On the Steelers: Change in delivery pays off for Roethlisberger
Thursday, January 13, 2011
By Ed Bouchette, Pittsburgh Post-Gazette
Steelers quarterback Ben Roethlisberger has threw 17 touchdown passes this season.
That four-game suspension NFL commissioner Roger Goodell delivered to Ben Roethlisberger to start the season might have had another effect that few could have anticipated. It helped to improve his throwing motion.
Roethlisberger took the month he could not appear at the Steelers' facility to work with quarterbacks coach George Whitfield Jr., and he tinkered with his delivery.
"He worked extremely hard when he was off on his accuracy and changed his motion a little bit, and it's paid off for him all season," said Bruce Arians, the Steelers' offensive coordinator.
"He shortened his delivery a little bit and worked extremely hard with George Whitfield in that time, and George helped him out fundamentally. It was kind of like a golfer changing his stroke, it was minor but he really gets it out faster."
A quicker release has been cited for Roethlisberger's career-low five interceptions and his 32 sacks, which, while not necessarily low over 12 games, represents an improvement over his previous four seasons.
Roethlisberger has not thrown an interception in his past 158 passes, or since the last time the Steelers played Baltimore, Dec. 5.
The quarterback explained that the delivery change was simple and one many quarterbacks use -- instead of holding the ball in two hands chest-high, he now brings it up closer to his chin, which results in less movement and a shorter windup.
"Holding the ball higher," Roethlisberger said, "helps me what [Whitfield] calls 'keeping it loaded' rather than keeping it down low where I used to hold it and then you have to wind up ... you get it out quicker."
Whitfield, who runs a private quarterback-training firm in San Diego, suggested the change to Roethlisberger when they began working together in September. He had used the same motion since high school, and no one suggested he change, likely because he had been so successful.
"I had heard of it before but I never did it because I didn't think it mattered," Roethlisberger said. "I tried it because I had a bad elbow problem, and it solved that problem, too. I don't know what it is, but my elbow doesn't seem to hurt as much."
Roethlisberger also learned to drive off his right leg more, although it became more difficult when his foot was broken.
"I just worked on being able to drive with that leg, pushing off a lot better. That's why the foot is such a big deal and, when it hurts, you can't drive into it well."
Roethlisberger said he had "a little setback" with his right foot Tuesday when it hurt him, but Wednesday it "felt great again.'' He said he will continue to wear his protective shoe and also wear the plexiglass visor to protect his broken nose long as he can see through the snow.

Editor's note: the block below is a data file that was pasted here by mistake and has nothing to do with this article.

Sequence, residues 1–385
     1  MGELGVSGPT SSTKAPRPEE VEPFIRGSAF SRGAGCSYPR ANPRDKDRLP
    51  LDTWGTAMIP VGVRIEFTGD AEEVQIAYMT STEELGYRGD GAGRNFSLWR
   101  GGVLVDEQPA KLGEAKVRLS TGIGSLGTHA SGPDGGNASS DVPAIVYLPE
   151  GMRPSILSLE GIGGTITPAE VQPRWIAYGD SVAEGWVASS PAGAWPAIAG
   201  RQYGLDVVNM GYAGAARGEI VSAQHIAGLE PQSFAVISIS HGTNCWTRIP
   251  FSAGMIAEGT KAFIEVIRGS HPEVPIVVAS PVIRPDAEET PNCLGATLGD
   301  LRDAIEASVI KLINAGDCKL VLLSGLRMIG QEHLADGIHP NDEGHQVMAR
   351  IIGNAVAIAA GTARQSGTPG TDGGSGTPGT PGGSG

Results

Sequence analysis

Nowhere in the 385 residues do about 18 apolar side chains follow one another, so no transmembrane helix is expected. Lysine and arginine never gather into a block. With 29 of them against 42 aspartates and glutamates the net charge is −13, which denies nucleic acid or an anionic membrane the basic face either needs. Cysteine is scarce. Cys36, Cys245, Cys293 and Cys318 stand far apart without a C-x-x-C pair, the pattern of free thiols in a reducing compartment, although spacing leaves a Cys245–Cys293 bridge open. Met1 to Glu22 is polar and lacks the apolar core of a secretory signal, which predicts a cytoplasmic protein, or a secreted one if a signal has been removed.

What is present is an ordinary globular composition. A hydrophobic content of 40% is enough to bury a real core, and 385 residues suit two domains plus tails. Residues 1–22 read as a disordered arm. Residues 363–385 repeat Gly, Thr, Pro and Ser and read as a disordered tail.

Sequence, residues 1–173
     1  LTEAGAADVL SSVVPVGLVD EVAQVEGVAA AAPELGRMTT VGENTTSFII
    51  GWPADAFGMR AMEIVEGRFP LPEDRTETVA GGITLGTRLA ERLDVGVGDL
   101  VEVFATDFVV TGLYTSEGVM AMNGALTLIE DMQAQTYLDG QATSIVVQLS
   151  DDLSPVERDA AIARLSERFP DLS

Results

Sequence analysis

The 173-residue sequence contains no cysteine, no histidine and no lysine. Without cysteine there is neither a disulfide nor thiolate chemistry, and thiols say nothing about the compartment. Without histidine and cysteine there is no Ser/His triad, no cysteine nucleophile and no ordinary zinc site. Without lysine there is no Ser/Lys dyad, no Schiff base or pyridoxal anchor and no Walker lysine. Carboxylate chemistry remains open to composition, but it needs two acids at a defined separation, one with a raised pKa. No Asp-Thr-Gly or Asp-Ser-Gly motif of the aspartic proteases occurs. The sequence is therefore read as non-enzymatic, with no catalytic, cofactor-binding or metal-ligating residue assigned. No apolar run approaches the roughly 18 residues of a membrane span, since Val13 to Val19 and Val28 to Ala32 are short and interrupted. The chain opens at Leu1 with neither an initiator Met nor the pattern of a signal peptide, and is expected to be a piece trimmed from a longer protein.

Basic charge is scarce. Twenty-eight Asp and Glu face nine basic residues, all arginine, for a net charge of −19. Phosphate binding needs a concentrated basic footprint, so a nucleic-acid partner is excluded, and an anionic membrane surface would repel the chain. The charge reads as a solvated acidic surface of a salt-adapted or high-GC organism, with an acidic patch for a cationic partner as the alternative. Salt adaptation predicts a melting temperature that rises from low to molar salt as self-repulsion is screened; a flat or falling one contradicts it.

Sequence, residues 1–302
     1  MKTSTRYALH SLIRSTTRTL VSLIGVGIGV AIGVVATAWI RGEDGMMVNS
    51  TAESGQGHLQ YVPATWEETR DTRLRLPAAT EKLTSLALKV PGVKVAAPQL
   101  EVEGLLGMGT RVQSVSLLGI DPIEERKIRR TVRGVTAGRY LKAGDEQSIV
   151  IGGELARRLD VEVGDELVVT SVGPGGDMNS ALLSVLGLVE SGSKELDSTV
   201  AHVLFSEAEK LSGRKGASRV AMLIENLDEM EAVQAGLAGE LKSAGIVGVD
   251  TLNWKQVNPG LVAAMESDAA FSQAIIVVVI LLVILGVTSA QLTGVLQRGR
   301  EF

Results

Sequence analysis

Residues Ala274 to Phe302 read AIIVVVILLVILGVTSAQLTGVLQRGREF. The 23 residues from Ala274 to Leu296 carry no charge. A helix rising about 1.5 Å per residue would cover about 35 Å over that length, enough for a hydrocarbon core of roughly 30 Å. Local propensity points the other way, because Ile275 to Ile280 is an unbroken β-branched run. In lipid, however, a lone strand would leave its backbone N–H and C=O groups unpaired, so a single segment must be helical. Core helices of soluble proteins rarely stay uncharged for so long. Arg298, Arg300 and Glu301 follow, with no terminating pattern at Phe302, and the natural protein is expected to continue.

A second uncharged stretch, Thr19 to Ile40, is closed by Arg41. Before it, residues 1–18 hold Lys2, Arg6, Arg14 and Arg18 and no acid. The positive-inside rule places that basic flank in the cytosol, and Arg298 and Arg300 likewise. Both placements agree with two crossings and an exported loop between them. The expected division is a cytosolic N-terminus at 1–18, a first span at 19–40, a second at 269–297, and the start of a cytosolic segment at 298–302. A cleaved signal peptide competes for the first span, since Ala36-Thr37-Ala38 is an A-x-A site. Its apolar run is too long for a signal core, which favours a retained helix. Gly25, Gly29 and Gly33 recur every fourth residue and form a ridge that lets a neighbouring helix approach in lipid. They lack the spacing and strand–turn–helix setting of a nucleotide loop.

Through the suspension, his broken foot, his broken nose and the loss of both starting tackles, Roethlisberger has had what Arians said, "I think this is his best year."
Some style changes
No one will confuse the style of offensive play by the Steelers and Ravens with those in, say, Indianapolis and New England. But they also are not to be confused with the styles of the Steelers and Ravens of just two years back, either, according to safety Ryan Clark.
"I think both teams have kind of changed with the personnel that they have," Clark said. "I remember the '08 [AFC championship] game was really physical because that's when they were downhill. You had [Le'Ron] McClain running the ball and things like that. But now you have Joe Flacco and Ray Rice, they're throwing screens, so the games are a little different now.
"They have three top-quality receivers who have been to Pro Bowls. We have Mike [Wallace] and Ben, so the games are not the same. It's a little more finesse."
Foote accepts, likes situation
Larry Foote anticipated returning to the playoffs when he returned to the Steelers after one season with the Detroit Lions, but he did not plan to play so little.
A starting inside linebacker for five seasons with the Steelers and then one more in Detroit in 2009, Foote did not start a game in 2010 because both Lawrence Timmons and James Farrior stayed healthy and did not miss a game.
And that was OK by Foote.
"They told me coming in it was more long-term. Would I wish Farrior's play dropped off and he'd be gone? No. I wish I had more playing time, but those guys are playing too good."
As a sub for both, Foote had 23 solo tackles, 27 total and one sack. After last season when he became a free agent, he visited Washington and Arizona and also had interest from the New York Giants before he signed a three-year contract with the Steelers.
"I knew coming back that our chance of going to the playoffs was high."
High praise for Suisham
Coach Mike Tomlin said he has been delighted with not only the performance of kicker Shaun Suisham but also mentioned his positive "attitude" since he joined the Steelers for their game against Oakland Nov. 21.
Suisham made 14 of his 15 field-goal tries.
The Steelers signed him after cutting nine-year veteran Jeff Reed after he missed seven kicks in the first nine games and then complained about the Heinz Field surface.
"He's banged just about every kick we sent him out there to hit, and it starts there," Tomlin said of Suisham. "But not only that, he has a can-do attitude. He is a pleasant teammate. He has endeared himself to his teammates because of it. He has been a good addition to us."
For more on the Steelers, read the blog, Ed Bouchette On the Steelers at www.post-gazette.com/plus
. Ed Bouchette can be reached at firstname.lastname@example.org
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